Writing about music is as questionable as it is unavoidable. The translation of the varieties of musical expression into precise verbal terms is never satisfactory. Unavoidable, because the idea of a wordless, instinctive understanding of musical content, without need for the mediation through language, is an illusion. Writings that half-miss the object altogether are nevertheless the only way to get at it, in my humble opinion. Therefore, it is with great expectation and immense joy, I will try to approach, understand and enter the world of this exquisite selection of songs performed by Diamanda Galàs.
”What is the role of the root?
Despair has broken all his bonds.”1
1 I have re-phrased the following excerpt from a letter by Samuel Beckett. "I cannot explain very well to myself what they have that distinguishes them from others, but it something arborescent or of the sky, not Wagner, not clouds on wheels: written above an abscess and not out of a cavity, a statement and not a description of heat in the spirit to compensate for pus in the spirit. Is not that what Eluard means?
Quel est le rôle de la racine?
Le désespoir a rompu tous ses liens.
Samuel Beckett, The Letters of Samuel Beckett 1929-1940, p. 134 (2009).
All the Way
All the Way (Music: Jimmy Van Heusen | Lyrics: Sammy Cahn)
Diamanda's approach to this song makes me reflect on the singer's art and the reality. First things first. The opening chords of the work on the piano are Debussy-esque. There is something to the chord progressions. Why Debussy? Because she plays parallel chords.1 It seems like the sense, not the time, of directed motion is arrested, on and off. At the point 00:39, she begins to play the melody. Nothing is over-loaded or sentimental, and the music glides seraphically free. Diamanda, who knows how to unfold a story, takes the lead. She sings with a voice (alas, she has many different ones) I have seldomly heard her sing with. Scaled down in volume, and with a different timbre. Amber-colored. Honey and poison in one chalice. The sustained notes are resplendent. A literally breathtaking and evenly produced tone catapults gorgeous soprano lines suspended midair. She is a very emotional singer but it is obvious that her task is not to experience an emotional high in performance, but to transform sentiment through artistic means. The singer's art consists of knowing how those experiences would feel and how to translate them into communicable representations. She does not wallow in her own emotional bathwater. No, señor. Between the lines Diamanda Galás teaches that art is not reality. Art consists of the disciplining of reality for the portrayal of emotion.Death gallop with Cerberus barking or fatigue and resignation? No, rather solemny spiritual, and as gripped by surges of fever.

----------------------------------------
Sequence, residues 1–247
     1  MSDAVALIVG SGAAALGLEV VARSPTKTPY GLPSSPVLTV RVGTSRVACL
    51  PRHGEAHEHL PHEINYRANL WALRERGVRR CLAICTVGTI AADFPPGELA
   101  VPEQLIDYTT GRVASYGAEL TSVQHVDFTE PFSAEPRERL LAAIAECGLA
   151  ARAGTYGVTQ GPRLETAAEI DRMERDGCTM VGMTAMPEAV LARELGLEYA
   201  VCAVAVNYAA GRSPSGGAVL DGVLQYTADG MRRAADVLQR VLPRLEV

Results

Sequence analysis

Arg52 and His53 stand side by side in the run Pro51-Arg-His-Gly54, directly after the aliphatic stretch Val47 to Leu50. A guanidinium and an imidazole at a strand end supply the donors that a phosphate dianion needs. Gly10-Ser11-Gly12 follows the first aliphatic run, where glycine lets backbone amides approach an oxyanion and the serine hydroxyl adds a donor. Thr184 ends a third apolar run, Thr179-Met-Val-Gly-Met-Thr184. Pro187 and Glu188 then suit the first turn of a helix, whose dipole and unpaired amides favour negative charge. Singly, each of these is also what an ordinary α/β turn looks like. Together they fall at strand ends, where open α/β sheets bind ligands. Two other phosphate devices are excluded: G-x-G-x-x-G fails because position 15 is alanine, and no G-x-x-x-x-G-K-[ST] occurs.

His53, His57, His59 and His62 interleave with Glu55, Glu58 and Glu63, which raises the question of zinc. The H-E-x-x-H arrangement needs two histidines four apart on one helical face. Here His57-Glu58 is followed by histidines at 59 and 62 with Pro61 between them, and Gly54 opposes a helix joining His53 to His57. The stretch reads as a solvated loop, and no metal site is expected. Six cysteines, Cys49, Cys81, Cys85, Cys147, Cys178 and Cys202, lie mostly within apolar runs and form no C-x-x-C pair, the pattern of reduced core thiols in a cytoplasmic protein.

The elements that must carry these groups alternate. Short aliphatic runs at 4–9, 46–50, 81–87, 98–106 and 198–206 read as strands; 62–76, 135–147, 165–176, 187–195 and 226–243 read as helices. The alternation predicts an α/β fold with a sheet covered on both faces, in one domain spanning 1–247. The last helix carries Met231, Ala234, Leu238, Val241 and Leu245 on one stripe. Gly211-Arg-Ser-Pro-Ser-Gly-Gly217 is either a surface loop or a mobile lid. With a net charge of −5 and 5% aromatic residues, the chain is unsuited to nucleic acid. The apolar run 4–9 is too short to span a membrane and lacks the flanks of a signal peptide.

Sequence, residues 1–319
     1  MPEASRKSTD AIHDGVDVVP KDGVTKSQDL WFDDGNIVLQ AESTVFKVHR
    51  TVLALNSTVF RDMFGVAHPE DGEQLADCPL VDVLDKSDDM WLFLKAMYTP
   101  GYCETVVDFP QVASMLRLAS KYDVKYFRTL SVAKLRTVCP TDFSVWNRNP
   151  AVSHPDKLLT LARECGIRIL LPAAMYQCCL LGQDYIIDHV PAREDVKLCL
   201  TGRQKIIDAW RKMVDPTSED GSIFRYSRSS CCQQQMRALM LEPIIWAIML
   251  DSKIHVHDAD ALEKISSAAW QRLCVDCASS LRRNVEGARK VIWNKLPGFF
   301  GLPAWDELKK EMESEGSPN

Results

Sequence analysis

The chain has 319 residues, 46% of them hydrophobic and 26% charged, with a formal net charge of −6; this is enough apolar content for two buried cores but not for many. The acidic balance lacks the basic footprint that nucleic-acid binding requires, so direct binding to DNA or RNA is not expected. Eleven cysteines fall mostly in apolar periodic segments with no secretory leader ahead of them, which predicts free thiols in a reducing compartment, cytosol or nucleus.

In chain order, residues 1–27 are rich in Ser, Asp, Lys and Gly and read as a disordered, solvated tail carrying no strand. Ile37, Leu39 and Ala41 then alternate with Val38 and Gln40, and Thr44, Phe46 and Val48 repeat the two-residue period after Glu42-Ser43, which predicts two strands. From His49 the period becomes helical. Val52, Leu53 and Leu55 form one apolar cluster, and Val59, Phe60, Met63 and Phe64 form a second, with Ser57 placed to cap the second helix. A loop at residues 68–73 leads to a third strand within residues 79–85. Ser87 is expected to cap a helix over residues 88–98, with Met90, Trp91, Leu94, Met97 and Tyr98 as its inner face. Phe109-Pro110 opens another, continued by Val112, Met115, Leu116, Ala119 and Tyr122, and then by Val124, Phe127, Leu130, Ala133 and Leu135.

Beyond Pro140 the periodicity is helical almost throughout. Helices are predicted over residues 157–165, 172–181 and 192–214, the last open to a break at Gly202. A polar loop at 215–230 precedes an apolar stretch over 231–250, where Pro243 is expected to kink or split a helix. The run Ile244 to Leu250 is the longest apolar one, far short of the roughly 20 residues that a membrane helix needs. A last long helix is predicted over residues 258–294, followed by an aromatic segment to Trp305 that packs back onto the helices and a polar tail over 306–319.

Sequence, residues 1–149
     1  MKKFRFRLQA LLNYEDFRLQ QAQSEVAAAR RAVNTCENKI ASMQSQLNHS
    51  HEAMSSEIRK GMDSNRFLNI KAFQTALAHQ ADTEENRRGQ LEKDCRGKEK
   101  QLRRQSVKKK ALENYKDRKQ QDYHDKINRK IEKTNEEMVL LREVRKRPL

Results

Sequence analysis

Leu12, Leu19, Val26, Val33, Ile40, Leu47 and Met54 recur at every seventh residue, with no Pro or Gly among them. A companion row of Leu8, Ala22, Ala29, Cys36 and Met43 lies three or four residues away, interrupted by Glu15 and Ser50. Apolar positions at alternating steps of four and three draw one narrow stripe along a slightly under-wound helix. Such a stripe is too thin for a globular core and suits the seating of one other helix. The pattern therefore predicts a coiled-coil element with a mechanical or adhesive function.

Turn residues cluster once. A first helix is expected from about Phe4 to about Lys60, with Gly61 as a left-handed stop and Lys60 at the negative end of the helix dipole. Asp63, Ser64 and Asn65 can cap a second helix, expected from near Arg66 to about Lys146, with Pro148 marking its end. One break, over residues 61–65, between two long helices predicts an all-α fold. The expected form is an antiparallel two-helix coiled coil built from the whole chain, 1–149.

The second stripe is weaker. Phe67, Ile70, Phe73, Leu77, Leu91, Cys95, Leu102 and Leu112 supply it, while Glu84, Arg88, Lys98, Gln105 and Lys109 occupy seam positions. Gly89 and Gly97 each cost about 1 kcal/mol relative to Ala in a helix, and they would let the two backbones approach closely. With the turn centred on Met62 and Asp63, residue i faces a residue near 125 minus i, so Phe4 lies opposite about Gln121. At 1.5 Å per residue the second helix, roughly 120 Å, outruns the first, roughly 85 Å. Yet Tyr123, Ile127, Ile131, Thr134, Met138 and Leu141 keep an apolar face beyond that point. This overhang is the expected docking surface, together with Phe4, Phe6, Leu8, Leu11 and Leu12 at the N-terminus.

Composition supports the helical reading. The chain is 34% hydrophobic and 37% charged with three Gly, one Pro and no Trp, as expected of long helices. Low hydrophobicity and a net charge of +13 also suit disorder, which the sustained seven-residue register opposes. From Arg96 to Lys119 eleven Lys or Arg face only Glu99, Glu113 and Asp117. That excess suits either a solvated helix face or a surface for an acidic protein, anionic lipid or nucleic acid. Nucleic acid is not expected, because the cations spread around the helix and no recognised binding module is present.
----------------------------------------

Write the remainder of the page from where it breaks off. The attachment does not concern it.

1 Claude Debussy (1861-1918) used parallel chords as a compositional device, I think, in order to dilute time (and to underplay rhythm) and had an influence on jazz theory. However, it is difficult to access the exact weight he had on jazz by mere cognition, even though musicians as Duke Ellington, Bix Biederbecke, Bill Evans et al. cite him as a source of inspiration and influence. It is said that Debussy’sinfluence on jazz musicians was his use of modal harmony and the whole tone scale.
You Don't Know What Love Is (Music:Gene De Paul | Lyrics:Don Raye)
The interpretation of this jazz standard song from 1941 by Diamanda Galás has more in common with the ballad playing by Sonny Rollins than singers as Chet Baker or Billie Holiday. She sings it in a passionate and,of course, haunting way. Her singing is melancholy too, but her idea of melancholy may be different from yours. Her performance embodies the amalgam of emotion and intellect in an unprecedented manner. Not about remorse, nor about regrets, but more about the secret land of loss of which we are all too familiar with. Separation comes in many forms; a physical reality as in death or as a frame of mind. The lyrics are the Alpha and Omega of her deeply felt approach. Every inflection is considered and thoughtfully executed. Through and through, I find myself yielding to the growing stillness of darkness. Singing is just another way of being silent. Was there ever a better anagram: silent - listen
The Thrill Is Gone (Music: Ray Henderson | Lyrics: Lew Brown)1
Diamanda's rendition of the song is not just the story about a love grown cold. Her interpretation suggests something beyond the obvious. To mention one detail out of many; how she sustains the first syllables in "thrill" and "gone" and adjusts her timbre to depict and underline a vast void. The thrill is gone, but so are you. It works in both directions. The ingenious way she uses and stretches time in both her playing and singing is a spell caster. The piano part is exquisitely played with subtly shaded dynamics and colors. There's quite nothing like a trained2 pianist and singer who never gets academic, but who knows how to "feel in time"3 and project sonorities that matches mood and expression. Her art of recomposing and constructive ability has a firm intellectual support, which shows in the interplay of the singing and playing. Her musical intelligence is always vividly present, even in the darkest hours.